Review: Time Travelling with a Hamster by Ross Welford

GoodReads

A truly original debut novel from an extraordinarily talented new voice in children’s books. Laugh, cry and wonder at this race-against-time story of a boy who travels back to 1984 to prevent a go-kart accident, and save his father’s life…

“My dad died twice. Once when he was thirty nine and again four years later when he was twelve.

The first time had nothing to do with me. The second time definitely did, but I would never even have been there if it hadn’t been for his ‘time machine’…”

When Al Chaudhury discovers his late dad’s time machine, he finds that going back to the 1980s requires daring and imagination. It also requires lies, theft, burglary, and setting his school on fire. All without losing his pet hamster, Alan Shearer…

Review

I was sent a review copy of this book from a lovely publicist at Harper Collins and was immediately intrigued by the bold colours of the cover art and the quirky title.  Who could resist anything as odd as travelling through time … with a hamster?

When Al Chaudhury receives a letter on his twelfth birthday from his dead father it changes everything for him and his hamster, Alan Shearer.  In the letter, his father suggests that he has been able to make a time-travelling machine and it works.  However, through his test-travel, he learns of his imminent death and, realising he can’t change things himself, he plans ahead for Al to help change the future by going into the past.  Can Al help his father or will his meddling with the space-time continuum muck things up beyond repair?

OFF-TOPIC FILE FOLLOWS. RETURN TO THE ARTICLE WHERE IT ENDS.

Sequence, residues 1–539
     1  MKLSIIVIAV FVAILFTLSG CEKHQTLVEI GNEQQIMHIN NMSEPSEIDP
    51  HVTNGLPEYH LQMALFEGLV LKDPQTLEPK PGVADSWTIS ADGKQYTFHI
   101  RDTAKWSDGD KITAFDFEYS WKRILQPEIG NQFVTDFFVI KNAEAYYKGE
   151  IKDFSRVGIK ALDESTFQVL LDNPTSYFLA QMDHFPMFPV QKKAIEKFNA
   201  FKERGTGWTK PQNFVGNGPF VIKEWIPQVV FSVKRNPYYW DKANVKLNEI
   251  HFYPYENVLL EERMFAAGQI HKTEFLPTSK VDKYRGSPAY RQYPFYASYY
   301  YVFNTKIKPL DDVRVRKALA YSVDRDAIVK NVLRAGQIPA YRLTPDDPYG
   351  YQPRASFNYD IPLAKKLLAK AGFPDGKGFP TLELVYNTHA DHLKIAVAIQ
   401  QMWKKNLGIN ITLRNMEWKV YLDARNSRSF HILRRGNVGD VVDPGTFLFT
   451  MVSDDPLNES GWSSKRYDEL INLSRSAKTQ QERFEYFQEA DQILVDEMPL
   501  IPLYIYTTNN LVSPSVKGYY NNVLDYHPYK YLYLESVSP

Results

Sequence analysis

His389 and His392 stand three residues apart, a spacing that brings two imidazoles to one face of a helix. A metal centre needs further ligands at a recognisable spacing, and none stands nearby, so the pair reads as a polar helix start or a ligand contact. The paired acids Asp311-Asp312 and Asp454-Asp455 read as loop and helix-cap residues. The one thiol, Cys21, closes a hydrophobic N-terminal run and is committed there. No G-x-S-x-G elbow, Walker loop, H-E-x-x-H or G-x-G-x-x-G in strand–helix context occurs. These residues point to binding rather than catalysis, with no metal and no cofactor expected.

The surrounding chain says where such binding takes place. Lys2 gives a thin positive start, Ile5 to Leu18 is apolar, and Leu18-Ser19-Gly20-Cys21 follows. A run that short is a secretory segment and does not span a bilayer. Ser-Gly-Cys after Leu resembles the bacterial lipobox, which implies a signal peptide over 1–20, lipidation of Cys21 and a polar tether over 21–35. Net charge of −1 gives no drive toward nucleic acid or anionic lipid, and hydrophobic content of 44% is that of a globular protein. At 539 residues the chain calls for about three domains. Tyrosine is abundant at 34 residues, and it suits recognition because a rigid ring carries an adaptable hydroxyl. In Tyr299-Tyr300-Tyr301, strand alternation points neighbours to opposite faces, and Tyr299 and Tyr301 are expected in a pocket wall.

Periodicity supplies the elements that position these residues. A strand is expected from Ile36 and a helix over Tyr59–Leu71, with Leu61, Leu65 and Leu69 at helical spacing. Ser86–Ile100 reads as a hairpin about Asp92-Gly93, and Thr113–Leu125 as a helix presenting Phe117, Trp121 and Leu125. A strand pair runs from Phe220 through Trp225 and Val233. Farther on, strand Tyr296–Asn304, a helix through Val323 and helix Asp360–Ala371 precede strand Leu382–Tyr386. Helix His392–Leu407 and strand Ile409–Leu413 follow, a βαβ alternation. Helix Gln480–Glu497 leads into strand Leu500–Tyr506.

I really enjoyed reading this book and found myself sneaking a read of a few pages whenever I could.  I haven’t had that experiences in quite a while so it was nice to feel so drawn to a story and the characters.  Time Travelling with a Hamster isn’t exactly a contemporary read and yet it isn’t quite science-fiction either as the science in it is quite vague in parts.  How the time machine was built and works isn’t really explained much further than ‘science and maths did it’ but, if you can suspend your rational brain for a while, you’ll really get on board with this book.  Who hasn’t wanted to go back and change something in their past or just visit someone that isn’t around anymore?

I loved the contrast in the different eras that we see Al in and how simple things we take for granted nowadays are suddenly vital, even when going back a few decades.  From technology to social opinions and attitudes, Al has to become a quick learner to avoid being arrested or get a clip round the ear by someone.

A touching story about a father and son and how important and strong a family can be even when it is tested with many tragedies.  A good read for fans of The Universe versus Alex Woods and Wonder.

Published by Harper Collins and is available online and in bookshops now

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